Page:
Very excited to launch Insuring the City at the Institute Library (founded 1826) in New Haven on Monday 10th December. You’re invited!
UPDATE: We got a nice write-up in the Yale Daily News, check it out: Urban Planning Democratized.
Very excited to host James Rojas in New Haven on the Tuesday after Thanksgiving. I first learned about Mr. Rojas through his essay “The Enacted Environment: Examining the Streets and Yards of East Los Angeles” in a collection co-edited by my advisor at Berkeley, Paul Groth. He also published a great piece with John Chase – another inspiring writer on vernacular architecture and cultural landscapes – called “The Painted Sign Pictures of Latino Los Angeles” in Everyday Urbanism. At Yale, James with take participants through a model-making exercise that is intended to spur conversations about urban futures. You can come, too, just let me know.
After threatening to do so for many years, I am finally finishing my essay on the California Garden Apartment of the 1960s, a building type that is known by many observers of the L.A. scene (and by devotees of Reyner Banham) as the “Dingbat.”
Above is a picture taken by Scott Bonds, circa 1963, of the courtyard of his garden apartment built at 1201 Lexington Street in Albany, California. Bonds built many impressive California Garden Apartments in the East Bay in the 1950s and 60s. They were high-quality constructions and many of them continue to be successfully rented today.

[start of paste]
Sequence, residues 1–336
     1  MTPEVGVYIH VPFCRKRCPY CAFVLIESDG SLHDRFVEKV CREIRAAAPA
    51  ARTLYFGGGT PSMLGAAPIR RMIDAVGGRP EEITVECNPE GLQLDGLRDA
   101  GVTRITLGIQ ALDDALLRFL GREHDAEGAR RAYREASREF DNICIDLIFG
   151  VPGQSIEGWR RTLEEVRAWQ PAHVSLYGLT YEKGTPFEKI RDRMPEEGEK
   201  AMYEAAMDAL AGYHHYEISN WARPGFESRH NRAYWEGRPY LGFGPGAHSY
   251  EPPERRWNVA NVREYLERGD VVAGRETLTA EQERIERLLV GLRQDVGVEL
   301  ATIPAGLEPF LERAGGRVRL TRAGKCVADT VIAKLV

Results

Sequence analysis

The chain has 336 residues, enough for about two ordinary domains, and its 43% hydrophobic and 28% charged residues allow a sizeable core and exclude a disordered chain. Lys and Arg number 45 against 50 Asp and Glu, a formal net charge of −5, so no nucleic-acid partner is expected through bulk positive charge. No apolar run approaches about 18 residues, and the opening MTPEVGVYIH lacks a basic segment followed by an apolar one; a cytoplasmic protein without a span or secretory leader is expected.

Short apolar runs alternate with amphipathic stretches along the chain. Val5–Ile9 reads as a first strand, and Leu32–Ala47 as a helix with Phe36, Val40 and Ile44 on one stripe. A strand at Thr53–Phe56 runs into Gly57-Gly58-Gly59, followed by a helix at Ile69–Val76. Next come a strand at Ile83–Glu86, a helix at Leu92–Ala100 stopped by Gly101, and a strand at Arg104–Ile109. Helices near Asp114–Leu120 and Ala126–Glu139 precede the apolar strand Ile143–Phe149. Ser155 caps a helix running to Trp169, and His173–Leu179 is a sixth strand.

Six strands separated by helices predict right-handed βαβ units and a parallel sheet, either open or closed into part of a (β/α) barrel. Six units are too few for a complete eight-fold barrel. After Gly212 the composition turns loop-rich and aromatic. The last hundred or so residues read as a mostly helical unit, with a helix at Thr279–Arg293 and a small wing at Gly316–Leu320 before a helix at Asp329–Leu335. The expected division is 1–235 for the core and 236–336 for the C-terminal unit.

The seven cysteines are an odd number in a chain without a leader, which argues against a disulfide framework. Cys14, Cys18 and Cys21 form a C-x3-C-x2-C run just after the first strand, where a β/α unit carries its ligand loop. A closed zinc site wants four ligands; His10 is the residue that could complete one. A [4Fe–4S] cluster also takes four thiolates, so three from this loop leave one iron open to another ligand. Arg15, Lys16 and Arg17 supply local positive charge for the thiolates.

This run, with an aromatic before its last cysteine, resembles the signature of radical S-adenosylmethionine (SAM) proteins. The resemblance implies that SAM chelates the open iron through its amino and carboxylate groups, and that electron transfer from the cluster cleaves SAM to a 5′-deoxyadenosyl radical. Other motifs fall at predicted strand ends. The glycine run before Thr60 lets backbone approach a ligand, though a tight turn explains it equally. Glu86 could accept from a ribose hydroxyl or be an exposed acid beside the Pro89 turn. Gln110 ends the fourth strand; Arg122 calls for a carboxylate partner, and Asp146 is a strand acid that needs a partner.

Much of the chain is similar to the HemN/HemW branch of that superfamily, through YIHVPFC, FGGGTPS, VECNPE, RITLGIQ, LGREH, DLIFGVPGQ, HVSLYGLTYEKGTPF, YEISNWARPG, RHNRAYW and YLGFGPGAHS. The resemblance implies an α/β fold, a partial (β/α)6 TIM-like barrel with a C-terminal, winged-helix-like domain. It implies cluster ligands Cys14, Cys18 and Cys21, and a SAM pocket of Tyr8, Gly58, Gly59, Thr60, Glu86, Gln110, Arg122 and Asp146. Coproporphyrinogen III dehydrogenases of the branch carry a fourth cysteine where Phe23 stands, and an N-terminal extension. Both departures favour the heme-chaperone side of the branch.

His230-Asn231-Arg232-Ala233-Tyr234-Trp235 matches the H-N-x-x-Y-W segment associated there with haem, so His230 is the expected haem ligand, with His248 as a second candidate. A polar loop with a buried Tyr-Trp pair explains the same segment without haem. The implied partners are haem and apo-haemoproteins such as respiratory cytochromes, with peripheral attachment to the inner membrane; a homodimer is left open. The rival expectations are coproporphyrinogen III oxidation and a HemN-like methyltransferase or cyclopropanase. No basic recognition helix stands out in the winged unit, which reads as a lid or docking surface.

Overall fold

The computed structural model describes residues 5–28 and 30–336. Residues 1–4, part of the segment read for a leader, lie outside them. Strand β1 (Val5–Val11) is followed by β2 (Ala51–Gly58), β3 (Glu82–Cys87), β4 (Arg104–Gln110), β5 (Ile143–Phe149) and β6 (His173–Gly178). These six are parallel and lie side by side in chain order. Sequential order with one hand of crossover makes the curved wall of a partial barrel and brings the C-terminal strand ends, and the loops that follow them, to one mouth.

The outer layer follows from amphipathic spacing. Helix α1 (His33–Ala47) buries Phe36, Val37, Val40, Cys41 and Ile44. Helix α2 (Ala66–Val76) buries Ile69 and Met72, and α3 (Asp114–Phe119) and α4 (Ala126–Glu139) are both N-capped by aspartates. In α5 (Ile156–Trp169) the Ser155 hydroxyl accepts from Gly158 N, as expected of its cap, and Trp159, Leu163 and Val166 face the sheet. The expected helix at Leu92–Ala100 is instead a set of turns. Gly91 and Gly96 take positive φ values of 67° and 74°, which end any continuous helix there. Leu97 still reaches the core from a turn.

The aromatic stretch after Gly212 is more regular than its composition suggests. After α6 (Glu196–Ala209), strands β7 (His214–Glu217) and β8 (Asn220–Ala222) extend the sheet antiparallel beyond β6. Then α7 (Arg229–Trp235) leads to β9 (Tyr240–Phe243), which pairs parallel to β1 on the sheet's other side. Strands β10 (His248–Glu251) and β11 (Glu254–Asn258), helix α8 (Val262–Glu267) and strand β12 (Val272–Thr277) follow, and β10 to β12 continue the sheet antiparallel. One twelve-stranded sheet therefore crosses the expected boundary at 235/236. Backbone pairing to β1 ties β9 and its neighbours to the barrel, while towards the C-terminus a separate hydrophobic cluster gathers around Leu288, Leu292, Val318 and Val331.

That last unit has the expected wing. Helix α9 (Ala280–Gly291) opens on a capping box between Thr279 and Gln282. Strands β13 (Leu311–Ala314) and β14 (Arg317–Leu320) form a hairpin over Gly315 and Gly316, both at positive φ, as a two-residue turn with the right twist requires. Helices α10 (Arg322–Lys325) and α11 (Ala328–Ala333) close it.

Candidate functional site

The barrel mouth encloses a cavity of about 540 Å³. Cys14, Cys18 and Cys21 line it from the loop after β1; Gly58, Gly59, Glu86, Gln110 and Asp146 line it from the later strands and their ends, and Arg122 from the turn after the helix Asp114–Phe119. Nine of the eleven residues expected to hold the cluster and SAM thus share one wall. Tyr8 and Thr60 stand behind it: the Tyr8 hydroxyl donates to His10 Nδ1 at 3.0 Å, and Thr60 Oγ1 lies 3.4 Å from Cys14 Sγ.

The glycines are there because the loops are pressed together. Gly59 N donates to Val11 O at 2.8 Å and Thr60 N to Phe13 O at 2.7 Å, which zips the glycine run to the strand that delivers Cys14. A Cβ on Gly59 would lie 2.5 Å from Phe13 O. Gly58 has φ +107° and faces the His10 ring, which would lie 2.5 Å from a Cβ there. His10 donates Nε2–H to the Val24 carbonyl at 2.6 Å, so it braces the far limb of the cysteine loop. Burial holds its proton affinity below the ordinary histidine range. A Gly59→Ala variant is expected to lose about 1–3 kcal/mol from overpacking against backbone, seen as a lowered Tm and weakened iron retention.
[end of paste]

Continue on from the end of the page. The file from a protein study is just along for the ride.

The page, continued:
Something has gone awry with my indexhibit site, elihu.info, so i’ve directed that URL here and am in the process of migrating my key professional information to this site. Indexhibit geniuses, please contact me. Thanks!
Couldn’t be happier to report that my essay, “Catch My Drift? Situationist Dérive and Urban Pedagogy” has just been published in the Fall 2012 issue of the Radical History Review, edited by Robyn Autry and Daniel J. Walkowitz, on the theme of “Walkers, Voyeurs, and the Politics of Urban Space.” I’m proud to have my essay included and I thank all my students who participated in the urban drift assignment!
Planners and a developer want to put a building over the Route 34 Connector in New Haven and the city has broader plans for new surface streets and a Downtown Crossing over the 1950′s highway. I spoke with Kenneth Gosselin of the Hartford Courant about the project and he’s put together a great piece for that paper’s business section. I read it here:
Very interested to find this advertisement at the bottom of the front page of the New York Times business section on June 18, 2012. The ad shows two hikers in the countryside who have eschewed their mobile phones with their GPS mapping systems for a paper map. The text reads, “Paper because a lot of places worth going to don’t get a signal, and hopefully never will.”
The sponsor, Domtar, bills itself as a sustainable paper company and has launched an extensive “Paper Because” campaign that champions the material as an immediate, authentic, and, ultimately, recyclable part of our daily lives. On the Domtar website, one tag line makes the case, “Paper because underneath all our wireless, streaming, hands-free technology, we’re still people.”
The campaign hits the right manipulative marks in a digital age of loose connections. I love books and archives and letters and good stationery marked by letter press or typewriter. Though I hope to see the paper worth keeping preserved and not recycled.